Should the 80-year-old President Joe Biden decide to run again in 2024, a left-wing magazine is advising him to do so without Vice President Kamala Harris by his side.
Last week, Harris said she was ready, willing, and able to run again for the veep spot in two years.
“As the president said, he intends to run. And if he does, I will be running with him,” Harris told reporters aboard the Philippines Coast Guard ship Teresa Magbanua as she concluded a news-free trip to Asia, the Daily Wire reported.
But the deeply unpopular Harris might not have a say in the matter if Biden’s handlers take the advice of Slate, a far-left website.
“As Joe Biden weighs a run for re-election even as he becomes the first octogenarian U.S. president in history, he should think back on what it was like to watch the Harris campaign flame out,” Slate wrote.
“A second Biden term would mean even higher stakes for a vice-presidential pick—not only because Biden is older than he was the first time around, but because the VP serving when he leaves could be the de facto frontrunner in the  Democratic primary. Harris, a proven dud of a presidential candidate who has done little to distinguish herself since, is not a good choice for the Democrats’ top billing. For his second term, should he seek one (he shouldn’t!), Biden should tap someone else,” the outlet added.
Compared to predecessors, Harris’ polling is much worse — and has been throughout her tenure. Last week, the Los Angeles Times reported on the RealClearPolitics average approval rating for Harris, which is at 40 percent. Importantly, she has a high 54 percent disapproval rating.
“As the country has become more partisan, vice presidents have been less likely to enjoy broad support among the public. Pence, for example, had a net favorability of roughly zero for much of his four years in the White House. Joe Biden, Dick Cheney and Al Gore all began their tenures with higher ratings than Harris currently enjoys,” the Times wrote.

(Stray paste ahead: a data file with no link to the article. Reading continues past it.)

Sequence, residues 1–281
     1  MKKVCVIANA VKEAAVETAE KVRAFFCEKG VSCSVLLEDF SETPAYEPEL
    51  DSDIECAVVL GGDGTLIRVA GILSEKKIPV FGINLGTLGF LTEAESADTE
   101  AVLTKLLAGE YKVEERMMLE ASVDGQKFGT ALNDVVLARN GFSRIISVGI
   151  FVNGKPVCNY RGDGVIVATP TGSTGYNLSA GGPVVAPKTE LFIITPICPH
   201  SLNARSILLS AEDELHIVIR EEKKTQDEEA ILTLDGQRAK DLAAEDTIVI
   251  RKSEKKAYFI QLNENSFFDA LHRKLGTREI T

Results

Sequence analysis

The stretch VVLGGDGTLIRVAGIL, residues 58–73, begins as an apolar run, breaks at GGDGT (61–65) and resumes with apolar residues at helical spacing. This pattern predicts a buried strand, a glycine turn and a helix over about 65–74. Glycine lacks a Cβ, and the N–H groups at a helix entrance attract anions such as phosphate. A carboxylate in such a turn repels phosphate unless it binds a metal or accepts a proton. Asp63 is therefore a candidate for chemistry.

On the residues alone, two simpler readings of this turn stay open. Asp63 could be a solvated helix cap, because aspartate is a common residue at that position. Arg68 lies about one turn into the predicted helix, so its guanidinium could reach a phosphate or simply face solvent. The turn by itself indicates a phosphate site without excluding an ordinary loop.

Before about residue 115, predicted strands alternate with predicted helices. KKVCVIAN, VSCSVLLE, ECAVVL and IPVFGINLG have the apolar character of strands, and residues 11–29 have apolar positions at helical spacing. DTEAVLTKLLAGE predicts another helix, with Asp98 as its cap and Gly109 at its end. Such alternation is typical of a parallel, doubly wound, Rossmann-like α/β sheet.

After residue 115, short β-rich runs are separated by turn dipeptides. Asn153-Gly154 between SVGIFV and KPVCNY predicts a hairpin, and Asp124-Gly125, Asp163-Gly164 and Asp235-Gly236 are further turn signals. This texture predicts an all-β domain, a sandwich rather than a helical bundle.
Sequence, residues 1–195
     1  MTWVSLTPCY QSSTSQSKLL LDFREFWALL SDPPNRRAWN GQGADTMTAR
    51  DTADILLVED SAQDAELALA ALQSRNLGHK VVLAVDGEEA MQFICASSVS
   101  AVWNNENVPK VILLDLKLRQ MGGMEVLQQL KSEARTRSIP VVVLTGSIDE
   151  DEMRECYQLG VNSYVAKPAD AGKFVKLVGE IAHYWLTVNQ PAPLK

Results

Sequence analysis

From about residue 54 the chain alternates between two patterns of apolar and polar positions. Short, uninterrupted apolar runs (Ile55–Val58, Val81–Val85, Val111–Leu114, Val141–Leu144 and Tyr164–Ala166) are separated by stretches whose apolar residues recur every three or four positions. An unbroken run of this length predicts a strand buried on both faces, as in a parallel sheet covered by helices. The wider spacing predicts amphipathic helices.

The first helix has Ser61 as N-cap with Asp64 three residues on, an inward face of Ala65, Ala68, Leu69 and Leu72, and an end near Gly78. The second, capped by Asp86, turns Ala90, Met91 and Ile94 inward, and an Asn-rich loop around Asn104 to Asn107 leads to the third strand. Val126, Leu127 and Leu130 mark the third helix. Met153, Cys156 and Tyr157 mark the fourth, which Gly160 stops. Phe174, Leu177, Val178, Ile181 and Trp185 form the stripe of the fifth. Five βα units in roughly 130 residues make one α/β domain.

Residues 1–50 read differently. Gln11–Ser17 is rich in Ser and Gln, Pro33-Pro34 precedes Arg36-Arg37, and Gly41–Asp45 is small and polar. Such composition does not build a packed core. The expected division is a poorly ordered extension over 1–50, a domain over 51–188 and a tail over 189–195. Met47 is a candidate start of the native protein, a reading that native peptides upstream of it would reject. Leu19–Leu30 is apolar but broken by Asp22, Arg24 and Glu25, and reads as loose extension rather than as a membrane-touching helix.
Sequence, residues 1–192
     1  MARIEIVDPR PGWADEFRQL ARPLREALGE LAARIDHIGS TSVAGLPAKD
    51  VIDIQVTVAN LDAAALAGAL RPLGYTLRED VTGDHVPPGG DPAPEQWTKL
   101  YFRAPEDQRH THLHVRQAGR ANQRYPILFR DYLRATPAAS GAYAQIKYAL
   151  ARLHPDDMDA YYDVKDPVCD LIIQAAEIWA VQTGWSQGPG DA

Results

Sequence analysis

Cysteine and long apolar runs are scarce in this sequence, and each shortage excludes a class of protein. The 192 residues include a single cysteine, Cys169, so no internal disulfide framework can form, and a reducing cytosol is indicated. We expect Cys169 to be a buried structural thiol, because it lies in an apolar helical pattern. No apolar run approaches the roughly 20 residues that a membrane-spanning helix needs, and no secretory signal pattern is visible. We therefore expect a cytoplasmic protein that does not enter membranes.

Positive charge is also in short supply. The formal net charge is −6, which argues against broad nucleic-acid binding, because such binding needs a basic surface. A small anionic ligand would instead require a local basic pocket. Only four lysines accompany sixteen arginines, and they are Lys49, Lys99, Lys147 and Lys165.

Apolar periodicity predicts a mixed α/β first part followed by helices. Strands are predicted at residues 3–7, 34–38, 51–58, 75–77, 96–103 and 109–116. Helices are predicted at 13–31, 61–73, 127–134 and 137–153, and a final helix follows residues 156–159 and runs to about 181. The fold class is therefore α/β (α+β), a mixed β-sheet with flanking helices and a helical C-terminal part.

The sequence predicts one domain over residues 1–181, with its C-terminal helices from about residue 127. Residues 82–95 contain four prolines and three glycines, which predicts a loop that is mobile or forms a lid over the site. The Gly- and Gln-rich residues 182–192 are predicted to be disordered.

Harris gets extremely low marks for largely ignoring the chaos along the U.S.-Mexico border, which Biden assigned her to handle a few months after both of them took office. Biden, on his first day, signed a raft of executive orders that reversed most of President Donald Trump’s immigration and border security measures, which had led to historic declines in illegal crossings.
Since, those crossings have skyrocketed, along with drug smuggling, after the administration also re-implemented so-called “catch-and-release.”
“After becoming vice president, Harris was asked to lead the administration’s response to the contentious issue of immigration. Her handling of the topic has been criticized, which some observers link to her approval rating sinking at a greater rate than Biden’s thus far,” said the Times.
That, in part, has caused a growing number of liberals to gallop away from Harris.
“At the end of the day, it doesn’t much matter why Harris’s public favor has fallen,” Slate wrote. “Even though her bad polling numbers are not entirely her fault, for a variety of substantive reasons, she is not the rising political star she was initially made out to be. And an aging, past-his-prime statesman—especially one as disliked as Biden—needs the momentum of a rising star.”
“Democrats know this. They are already worried about it. I’ll leave it to them to decide who should replace Harris and how she could transition out of the job. (Would a Cabinet position do the trick?) At this point, almost any of the people who have been named as possible successors to Biden would be a better pick.”
“If Harris cares about the future of the Democratic agenda, she should gracefully step aside. The vice presidency is a valuable mechanism for soft-launching future presidential hopefuls. Democrats cannot waste it on a candidate who has already failed to launch,” Slate wrote.